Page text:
Forum for Science, Industry and Business

Sponsored by:     3M 
Search our Site:

 

New ORNL method could unleash solar power potential

16.03.2016

Measurement and data analysis techniques developed at the Department of Energy's Oak Ridge National Laboratory could provide new insight into performance-robbing flaws in crystalline structures, ultimately improving the performance of solar cells.

While solar cells made from light-harvesting perovskite (an organic-inorganic hybrid) materials have recently eclipsed the 20 percent efficiency mark, researchers believe they could do better if they had a clearer picture of energy flow at the nanometer scale.


(Top) A phasor plot of the transient absorption data shows the presence of free charges and excitons; a false colored image shows their contributions at different spatial positions.

Credit: ORNL

The ORNL discovery, described in a paper published in ACS Photonics, synchronizes microscopy, ultra-short pulses of laser light and data analytics to extract images with single-pixel precision, providing unprecedented detail.

"If we can see exactly and in real time what is happening, we can map out the electronic processes in space instead of relying on snapshots gleaned from spatial averages," said Benjamin Doughty, one of the authors and a member of ORNL's Chemical Sciences Division.

Armed with information about what electrons are doing inside the material, researchers believe they can make improvements that lead to solar cells that are more efficient and potentially less expensive.

"With conventional approaches of studying photovoltaic materials, we are unable to accurately map out electronic processes and how electrons are getting lost," Doughty said. "Those processes can translate into losses in efficiency."

The experiment consists of optically pumping the thin film sample with a 50 femtosecond -- or 50 millionths of a billionth of a second -- laser pulse and then measuring changes in light absorption with a second laser pulse in the material. The technique, called femtosecond transient absorption microscopy, consists of a tabletop of lasers, optics and a microscope. The net result is a pixel-by-pixel map of the material being studied and information researchers can use to improve performance.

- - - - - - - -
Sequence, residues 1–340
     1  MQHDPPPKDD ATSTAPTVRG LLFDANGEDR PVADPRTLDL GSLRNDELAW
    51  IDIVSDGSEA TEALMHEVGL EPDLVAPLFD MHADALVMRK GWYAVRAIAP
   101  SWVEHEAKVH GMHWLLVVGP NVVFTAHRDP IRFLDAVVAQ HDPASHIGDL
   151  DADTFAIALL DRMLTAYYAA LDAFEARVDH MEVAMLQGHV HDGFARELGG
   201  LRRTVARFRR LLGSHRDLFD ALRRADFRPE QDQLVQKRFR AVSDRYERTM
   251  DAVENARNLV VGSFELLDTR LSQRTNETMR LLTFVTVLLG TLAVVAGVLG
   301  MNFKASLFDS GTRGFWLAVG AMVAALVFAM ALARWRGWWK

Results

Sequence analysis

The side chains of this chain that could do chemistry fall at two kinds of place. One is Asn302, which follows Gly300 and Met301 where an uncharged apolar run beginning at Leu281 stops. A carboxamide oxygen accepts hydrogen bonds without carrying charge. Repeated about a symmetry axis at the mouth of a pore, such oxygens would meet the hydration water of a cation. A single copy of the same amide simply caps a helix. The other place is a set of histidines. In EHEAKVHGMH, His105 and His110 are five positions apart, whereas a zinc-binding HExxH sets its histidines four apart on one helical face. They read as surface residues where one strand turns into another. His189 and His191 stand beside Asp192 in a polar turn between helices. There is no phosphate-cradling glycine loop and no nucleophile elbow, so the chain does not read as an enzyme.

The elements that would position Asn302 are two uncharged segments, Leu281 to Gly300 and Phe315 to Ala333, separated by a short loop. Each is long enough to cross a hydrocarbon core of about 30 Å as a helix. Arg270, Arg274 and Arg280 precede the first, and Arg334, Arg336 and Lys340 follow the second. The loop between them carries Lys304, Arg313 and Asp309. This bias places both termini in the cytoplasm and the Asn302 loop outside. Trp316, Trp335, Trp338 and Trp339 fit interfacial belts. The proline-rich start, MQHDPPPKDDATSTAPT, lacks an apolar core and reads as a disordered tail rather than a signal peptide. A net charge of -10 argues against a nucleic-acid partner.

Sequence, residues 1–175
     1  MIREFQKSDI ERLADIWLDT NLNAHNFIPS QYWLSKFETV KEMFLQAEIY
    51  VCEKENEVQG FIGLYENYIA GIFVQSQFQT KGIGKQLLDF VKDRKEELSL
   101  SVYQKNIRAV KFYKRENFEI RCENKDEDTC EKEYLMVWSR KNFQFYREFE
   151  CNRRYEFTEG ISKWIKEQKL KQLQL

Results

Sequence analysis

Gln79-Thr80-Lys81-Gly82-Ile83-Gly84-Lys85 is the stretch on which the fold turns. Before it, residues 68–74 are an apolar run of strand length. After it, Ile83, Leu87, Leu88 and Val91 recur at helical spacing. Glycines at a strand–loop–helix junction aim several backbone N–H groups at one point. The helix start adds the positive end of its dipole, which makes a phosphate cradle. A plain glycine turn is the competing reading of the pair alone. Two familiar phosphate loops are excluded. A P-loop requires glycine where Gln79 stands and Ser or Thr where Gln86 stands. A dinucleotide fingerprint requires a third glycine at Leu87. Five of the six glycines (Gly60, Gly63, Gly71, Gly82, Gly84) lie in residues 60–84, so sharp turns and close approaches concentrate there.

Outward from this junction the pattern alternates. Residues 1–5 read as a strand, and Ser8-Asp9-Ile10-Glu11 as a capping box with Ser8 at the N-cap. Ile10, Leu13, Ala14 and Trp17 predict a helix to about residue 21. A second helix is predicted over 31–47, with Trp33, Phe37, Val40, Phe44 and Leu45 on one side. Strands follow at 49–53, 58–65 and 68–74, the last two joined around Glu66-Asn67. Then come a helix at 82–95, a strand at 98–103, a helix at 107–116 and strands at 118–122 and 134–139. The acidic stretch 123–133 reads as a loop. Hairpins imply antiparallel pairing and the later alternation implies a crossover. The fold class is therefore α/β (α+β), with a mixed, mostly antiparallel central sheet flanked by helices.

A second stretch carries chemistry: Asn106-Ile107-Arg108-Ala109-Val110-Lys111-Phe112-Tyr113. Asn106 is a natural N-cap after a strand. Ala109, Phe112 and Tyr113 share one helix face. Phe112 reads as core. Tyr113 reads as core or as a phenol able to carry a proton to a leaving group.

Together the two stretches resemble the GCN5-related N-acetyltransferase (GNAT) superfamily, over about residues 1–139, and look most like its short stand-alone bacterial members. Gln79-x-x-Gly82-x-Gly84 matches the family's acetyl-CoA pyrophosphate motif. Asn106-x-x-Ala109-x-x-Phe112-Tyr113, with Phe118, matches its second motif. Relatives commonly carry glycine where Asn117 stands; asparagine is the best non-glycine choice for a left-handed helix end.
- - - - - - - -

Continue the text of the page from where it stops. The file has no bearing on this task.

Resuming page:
"The ability to identify what will be created after the solar cell absorbs a photon, either a pair of free charges or their bound form called an exciton, is crucial from both fundamental and applied perspectives," said co-author Yingzhong Ma, who led the research team. "We found that both free charges and excitons are present, and the strength of our approach lies in not only identifying where they are but also determining what their relative contributions are when they are both present at a given spatial location."

A key remaining challenge is to understand what causes the observed spatial difference, said Ma, so he and colleagues are exploring an all-optical imaging approach that would allow them to correlate electronic dynamics with underlying structural information. This approach may also help researchers map and understand perovskite degradation issues associated with moisture. Ma noted that this must be resolved before solar cells based on this class of materials can be successful.

###

Other team members were Mary Jane Simpson, the lead author and a postdoctoral research associate in the Chemical Sciences Division, and Bin Yang and Kai Xiao of ORNL's Center for Nanophase Materials Science. The paper, titled "Separation of Distinct Photoexcitation Species in Femtosecond Transient Absorption Microscopy," is available at http://pubs.acs.org/doi/abs/10.1021/acsphotonics.5b00638.

This research was funded by DOE's Office of Science. Perovskite sample preparation was done at the Center for Nanophase Materials Sciences, a DOE Office of Science User Facility.

UT-Battelle manages ORNL for the DOE's Office of Science. The Office of Science is the single largest supporter of basic research in the physical sciences in the United States, and is working to address some of the most pressing challenges of our time. For more information, please visit http://science.energy.gov/.